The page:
With its power over Britain, Japan is aiming to completely reshape Brexit

Ambassador Koji Tsuruoka didn’t mince his words.
Ambassador Koji Tsuruoka didn’t mince his words.
Image: Reuters/Hannah McKay
We may earn a commission from links on this page.

Update: We have included updated news about Mitsubishi UFJ choosing Amsterdam as its EU investment banking base.

There is no question what Japan thinks about Britain leaving the European Union.

Ever since the UK voted for Brexit in June 2016, Japan has spoken out about the nation leaving the EU single market, which would create costly problems for companies operating within Britain. And because of Japan’s intertwined ties with Britain’s economy, it is fast trying to position itself as a key influence over what the final Brexit deal will look like.

Yesterday (Feb. 8), Japan’s ambassador to the UK, Koji Tsuruoka, told reporters following a meeting between prime minister Theresa May and 19 top Japanese bosses that “if there is no profitability of continuing operations in the UK—not Japanese only—no private company can continue operations. So it is as simple as that.” It was the latest in a line of very blunt assessments about Brexit and what effect it would have on foreign companies operating in the UK.

In 2016, Japan’s foreign ministry released a 15-page document addressing the potential damage to Britain’s economy if the UK leaves the single market—something the UK government has repeatedly said it will do. It warned that businesses and banks are likely to relocate operations because Britain leaving the single market makes Japanese businesses “face difficulties.”

This is something that is already starting to happen (paywall). Last year, Japan’s biggest bank, Mitsubishi UFJ, was said to be relocating its UK investment-banking operations (paywall) from London to Amsterdam. In September, it then confirmed that it picked the city in the Netherlands as its EU investment banking base but will still hold it’s EMEA HQ in London. “The new subsidiary in Amsterdam will ensure that the Group can continue to provide these (securities) services to its EU clients, even if the cross-border passport is lost as a result of Brexit,” it said in a statement to Reuters at the time.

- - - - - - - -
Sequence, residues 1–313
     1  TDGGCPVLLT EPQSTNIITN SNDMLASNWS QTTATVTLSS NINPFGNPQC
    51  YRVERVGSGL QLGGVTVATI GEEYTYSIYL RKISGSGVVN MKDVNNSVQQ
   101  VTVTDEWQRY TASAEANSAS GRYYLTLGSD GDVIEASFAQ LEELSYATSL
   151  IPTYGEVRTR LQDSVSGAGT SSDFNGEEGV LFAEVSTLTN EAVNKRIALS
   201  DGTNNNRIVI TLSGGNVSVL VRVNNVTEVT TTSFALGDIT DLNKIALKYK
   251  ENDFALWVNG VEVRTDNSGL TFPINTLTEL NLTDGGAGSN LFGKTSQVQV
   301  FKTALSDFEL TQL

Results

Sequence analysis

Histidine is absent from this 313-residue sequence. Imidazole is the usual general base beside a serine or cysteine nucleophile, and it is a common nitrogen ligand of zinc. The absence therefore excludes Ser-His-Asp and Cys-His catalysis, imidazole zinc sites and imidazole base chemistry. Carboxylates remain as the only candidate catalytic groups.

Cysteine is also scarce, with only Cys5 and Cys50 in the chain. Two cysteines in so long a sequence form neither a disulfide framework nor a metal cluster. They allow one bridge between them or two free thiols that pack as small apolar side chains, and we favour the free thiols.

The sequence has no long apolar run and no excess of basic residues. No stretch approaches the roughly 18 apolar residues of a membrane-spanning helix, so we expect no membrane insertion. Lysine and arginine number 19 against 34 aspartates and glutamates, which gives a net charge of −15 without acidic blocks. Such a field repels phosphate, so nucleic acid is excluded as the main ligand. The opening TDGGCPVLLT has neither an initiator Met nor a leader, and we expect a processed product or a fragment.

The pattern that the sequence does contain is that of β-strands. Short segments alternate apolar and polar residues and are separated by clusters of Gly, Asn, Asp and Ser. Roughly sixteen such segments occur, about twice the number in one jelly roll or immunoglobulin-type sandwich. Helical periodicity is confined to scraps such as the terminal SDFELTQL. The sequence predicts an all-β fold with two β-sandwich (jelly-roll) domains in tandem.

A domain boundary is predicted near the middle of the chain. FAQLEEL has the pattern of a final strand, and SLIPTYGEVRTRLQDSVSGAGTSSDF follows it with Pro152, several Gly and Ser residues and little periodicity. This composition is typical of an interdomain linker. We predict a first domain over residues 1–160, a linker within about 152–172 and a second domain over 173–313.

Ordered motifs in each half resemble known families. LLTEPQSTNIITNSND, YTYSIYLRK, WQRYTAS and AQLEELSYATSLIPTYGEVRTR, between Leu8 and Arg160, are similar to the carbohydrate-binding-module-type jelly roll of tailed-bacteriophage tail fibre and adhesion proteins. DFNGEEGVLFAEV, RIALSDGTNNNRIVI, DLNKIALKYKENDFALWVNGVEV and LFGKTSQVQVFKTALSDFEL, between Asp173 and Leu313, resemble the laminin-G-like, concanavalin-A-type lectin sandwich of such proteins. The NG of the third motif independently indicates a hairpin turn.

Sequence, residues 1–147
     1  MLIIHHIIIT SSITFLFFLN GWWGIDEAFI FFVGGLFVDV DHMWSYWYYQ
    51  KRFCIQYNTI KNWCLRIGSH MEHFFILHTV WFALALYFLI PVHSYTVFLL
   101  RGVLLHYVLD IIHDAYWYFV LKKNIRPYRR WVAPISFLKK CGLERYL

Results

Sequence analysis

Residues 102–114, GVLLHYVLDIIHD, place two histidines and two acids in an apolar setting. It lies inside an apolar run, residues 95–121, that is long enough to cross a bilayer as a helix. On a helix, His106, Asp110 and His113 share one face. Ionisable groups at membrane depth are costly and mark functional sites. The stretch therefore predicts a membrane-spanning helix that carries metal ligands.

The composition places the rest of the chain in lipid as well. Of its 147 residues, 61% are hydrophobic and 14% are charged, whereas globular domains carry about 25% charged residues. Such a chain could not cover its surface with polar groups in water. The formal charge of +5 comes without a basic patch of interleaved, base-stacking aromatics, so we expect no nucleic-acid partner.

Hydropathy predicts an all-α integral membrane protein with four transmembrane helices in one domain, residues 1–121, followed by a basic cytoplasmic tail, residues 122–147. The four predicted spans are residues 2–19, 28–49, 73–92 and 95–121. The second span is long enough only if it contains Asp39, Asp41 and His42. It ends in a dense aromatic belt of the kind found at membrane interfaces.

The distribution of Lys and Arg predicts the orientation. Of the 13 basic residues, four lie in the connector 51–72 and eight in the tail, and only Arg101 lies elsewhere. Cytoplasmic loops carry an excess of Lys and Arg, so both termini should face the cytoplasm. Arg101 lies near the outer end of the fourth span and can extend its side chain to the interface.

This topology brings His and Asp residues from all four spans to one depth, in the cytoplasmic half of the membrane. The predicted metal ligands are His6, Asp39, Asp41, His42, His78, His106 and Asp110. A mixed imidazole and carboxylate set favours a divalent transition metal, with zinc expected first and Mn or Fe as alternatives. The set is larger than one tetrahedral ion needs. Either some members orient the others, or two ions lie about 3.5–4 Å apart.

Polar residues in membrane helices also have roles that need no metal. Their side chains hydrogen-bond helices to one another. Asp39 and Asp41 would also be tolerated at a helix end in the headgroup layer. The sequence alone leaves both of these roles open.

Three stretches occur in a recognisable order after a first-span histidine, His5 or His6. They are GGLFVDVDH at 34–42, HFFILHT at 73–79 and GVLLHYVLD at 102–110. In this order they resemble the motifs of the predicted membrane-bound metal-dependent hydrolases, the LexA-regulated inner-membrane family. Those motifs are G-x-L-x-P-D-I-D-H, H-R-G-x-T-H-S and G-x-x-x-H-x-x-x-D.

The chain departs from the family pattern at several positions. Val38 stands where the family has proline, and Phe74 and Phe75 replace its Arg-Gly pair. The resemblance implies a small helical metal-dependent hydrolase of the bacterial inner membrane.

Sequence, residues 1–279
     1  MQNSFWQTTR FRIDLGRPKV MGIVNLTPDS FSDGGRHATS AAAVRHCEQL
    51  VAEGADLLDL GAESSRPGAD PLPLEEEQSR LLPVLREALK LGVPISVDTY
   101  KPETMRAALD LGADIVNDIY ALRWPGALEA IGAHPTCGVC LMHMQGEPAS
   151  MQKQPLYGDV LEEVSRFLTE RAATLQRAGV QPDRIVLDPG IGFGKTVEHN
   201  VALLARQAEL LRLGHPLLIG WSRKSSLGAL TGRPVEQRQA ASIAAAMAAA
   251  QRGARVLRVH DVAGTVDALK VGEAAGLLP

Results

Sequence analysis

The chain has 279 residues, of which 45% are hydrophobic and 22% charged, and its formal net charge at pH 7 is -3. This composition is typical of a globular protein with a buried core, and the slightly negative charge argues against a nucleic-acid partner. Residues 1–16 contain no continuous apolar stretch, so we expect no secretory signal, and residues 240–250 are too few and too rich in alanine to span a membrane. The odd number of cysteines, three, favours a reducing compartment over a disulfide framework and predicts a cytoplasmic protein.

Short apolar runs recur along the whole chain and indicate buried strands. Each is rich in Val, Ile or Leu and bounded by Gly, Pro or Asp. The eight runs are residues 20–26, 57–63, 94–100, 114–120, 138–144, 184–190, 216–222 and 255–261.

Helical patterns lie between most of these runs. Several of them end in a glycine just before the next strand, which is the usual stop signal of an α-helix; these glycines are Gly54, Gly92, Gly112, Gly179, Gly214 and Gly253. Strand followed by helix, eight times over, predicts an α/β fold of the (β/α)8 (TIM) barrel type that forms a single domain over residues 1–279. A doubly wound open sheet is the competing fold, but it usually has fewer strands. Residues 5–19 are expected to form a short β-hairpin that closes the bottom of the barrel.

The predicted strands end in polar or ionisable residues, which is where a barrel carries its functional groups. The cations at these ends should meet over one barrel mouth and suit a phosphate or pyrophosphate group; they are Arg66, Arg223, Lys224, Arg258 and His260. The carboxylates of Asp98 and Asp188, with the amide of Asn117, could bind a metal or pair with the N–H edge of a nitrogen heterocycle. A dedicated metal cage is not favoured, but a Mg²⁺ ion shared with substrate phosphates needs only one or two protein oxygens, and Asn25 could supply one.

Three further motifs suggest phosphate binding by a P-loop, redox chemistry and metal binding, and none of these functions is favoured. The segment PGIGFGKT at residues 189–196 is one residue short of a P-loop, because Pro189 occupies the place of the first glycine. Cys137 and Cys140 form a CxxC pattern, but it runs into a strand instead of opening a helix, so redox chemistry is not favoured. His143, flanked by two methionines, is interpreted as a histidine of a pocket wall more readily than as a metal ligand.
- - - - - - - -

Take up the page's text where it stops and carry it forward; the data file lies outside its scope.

Frankfurt has also been floated as an alternative to London for other Japanese financial firms such as Nomura, Daiwa, and Sumitomo Mitsui. Meanwhile, car maker Nissan warned in 2016 that it may have to relocate jobs from its plant in the north of England, until the UK government gave assurances that the country would “remain competitive” post-Brexit.

Japan is being incredibly vocal over what it thinks about Brexit because of the close trade relationship it has with the UK. Currently, the UK imports around $13.7 billion in goods a year from Japan, making it Britain’s 10th-largest trading partner. The 1,000 Japanese companies that operate in the UK also employ some 140,000 people.

Prime minister May and her cabinet have repeatedly said that Britain doesn’t need to stay in the single market because it is able to forge trade deals across the world. She reiterated this point after her meeting with the Japanese ambassador, saying she recognizes that Brexit is “no small undertaking, but importantly it does present the opportunity to strike free-trade deals around the world and build on our already very strong relationship that we have with Japan.”

However, severing ties to the EU’s single market means relinquishing unified import and export rules and costs. One recent report showed that if the UK government decided to pursue the “hard Brexit” route, it would increase prices for UK exports, which could make EU consumers switch to domestically produced goods instead. This in turn would lead to a £17 billion ($22.7 billion) fall in annual EU export revenues across key UK manufacturing sectors.